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Focal points of Argos offence enjoy relaxing day before Grey Cup

Toronto Argonauts Walter Spencer interviews his teammate Chad Owens (2) during a practice ahead of the 100th Grey Cup in Toronto, November 24, 2012.


They take pictures of each other, they joke around, a few footballs are thrown around but not with any conviction.

It's walk-through day, which means all the preparation for the 100th Grey Cup is over, all that's left now is to actually play.

"It's the easiest day of the season," Toronto Argonauts receiver Chad Owens said after his team's final on-field practice session of the year.

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The Flyin' Hawaiian is a pretty excitable sort - his kind of intensity doesn't lend itself to waiting graciously - but professed to being serene and relaxed on Saturday.

"I never really start to feel that thing inside me until I get to the stadium before the game," Owens said. "Then it starts to build."

It will please Argos fans to hear Owens is making sure to conserve his energy for Sunday's championship, after all the slick-running 30-year-old should have a major say in the outcome.

Owens racked up 207 yards receiving in the East Final and over 100 more on kick returns. The CFL's most outstanding player for 2012 will be the focal point for the Toronto offence, and the biggest worry for the Calgary Stampeder defence.

But for now, he's taking it easy, a condition that comes naturally to a guy who has no superstitions to speak of.

"I don't really have any rituals or anything like that, I just do what feels good on that day," he said.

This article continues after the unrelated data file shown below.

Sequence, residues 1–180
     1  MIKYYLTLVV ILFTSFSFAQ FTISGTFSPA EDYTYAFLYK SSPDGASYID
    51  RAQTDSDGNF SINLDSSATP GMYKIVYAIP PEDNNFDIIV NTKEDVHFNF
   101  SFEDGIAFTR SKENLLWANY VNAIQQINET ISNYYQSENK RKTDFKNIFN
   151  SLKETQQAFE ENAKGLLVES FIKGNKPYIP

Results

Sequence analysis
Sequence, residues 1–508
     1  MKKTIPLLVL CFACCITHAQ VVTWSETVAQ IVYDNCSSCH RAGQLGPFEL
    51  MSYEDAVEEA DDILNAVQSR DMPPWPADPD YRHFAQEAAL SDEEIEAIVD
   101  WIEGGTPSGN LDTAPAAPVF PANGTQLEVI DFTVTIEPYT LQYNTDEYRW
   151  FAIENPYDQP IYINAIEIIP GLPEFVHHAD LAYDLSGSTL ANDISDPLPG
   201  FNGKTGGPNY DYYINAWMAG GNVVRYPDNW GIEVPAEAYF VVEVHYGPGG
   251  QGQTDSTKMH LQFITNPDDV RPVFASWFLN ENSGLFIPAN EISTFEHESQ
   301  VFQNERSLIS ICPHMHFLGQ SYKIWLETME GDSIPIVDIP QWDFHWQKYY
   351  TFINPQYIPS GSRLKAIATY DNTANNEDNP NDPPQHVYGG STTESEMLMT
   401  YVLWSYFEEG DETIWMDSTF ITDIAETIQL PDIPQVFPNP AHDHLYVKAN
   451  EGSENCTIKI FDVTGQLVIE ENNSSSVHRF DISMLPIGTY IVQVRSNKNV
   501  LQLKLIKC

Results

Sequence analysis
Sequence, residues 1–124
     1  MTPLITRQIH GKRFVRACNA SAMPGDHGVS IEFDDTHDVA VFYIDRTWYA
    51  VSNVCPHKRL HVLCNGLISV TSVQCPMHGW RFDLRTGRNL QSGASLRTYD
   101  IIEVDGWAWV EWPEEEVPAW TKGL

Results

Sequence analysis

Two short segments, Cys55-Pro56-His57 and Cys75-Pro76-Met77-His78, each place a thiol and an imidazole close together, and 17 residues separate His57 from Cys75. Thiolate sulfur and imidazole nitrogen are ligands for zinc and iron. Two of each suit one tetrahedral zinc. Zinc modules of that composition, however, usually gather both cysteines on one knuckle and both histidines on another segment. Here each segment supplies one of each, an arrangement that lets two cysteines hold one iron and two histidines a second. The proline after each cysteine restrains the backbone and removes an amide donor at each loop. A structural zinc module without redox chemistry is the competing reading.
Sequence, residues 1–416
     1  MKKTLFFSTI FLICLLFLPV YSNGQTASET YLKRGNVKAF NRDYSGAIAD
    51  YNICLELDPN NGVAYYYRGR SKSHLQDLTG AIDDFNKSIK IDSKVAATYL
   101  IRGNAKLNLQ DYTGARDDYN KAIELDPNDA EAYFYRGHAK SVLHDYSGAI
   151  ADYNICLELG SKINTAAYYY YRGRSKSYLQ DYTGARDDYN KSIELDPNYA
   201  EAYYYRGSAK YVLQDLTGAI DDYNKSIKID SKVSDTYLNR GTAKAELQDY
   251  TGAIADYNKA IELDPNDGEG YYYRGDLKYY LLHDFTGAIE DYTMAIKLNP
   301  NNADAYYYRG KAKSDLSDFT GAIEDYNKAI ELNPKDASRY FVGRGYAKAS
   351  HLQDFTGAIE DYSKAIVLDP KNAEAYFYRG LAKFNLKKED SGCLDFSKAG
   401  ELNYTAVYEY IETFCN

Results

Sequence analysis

That kind of zen vibe permeated the rest of the squad on Saturday - many players showed up for the public portion of their walk-through wearing jeans - as the focus shifts to Sunday.

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Running back Chad Kackert, an unsung but nevertheless crucial player for the Argos, said he's intent on soaking up the atmosphere of Grey Cup week, if only for a few hours.

"It's great to have a home atmosphere like this, people scratching around to get tickets, paying two or three times the price just to get in here [Sunday]," he said.

Kackert played in the NCAA Division 1-AA playoffs at the University of New Hampshire, but said there's no real comparison to what he's gone through this week.

"It's been a long season, 21 or 22 weeks or whatever, but this is the best part, it's special, it's almost like a weight off your shoulders," he said.

Like Owens, Kackert is doing his best to relax, like Owens he isn't particularly wedded to habit or routine.

"It feels like I haven't played a night game in a while," he said. "But I'm not doing anything special to prepare, I don't light special candles or anything like that."

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Kackert scored a pivotal touchdown in last week's game in Montreal, piling up 139 yards rushing.

While he's small by pro football standards - like Owens, he's about five-foot-eight - he'll play a big part in protecting Toronto quarterback Ricky Ray from blitzes, and can be expected to shoulder a significant offensive load on Sunday.

And that's just how he wants it.

"I can't wait," he said.

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About the Author
National Correspondent

Sean Gordon joined the Globe's Quebec bureau in 2008 and covers the Canadiens, Alouettes and Impact, as well as Quebec's contingent of Olympic athletes. More


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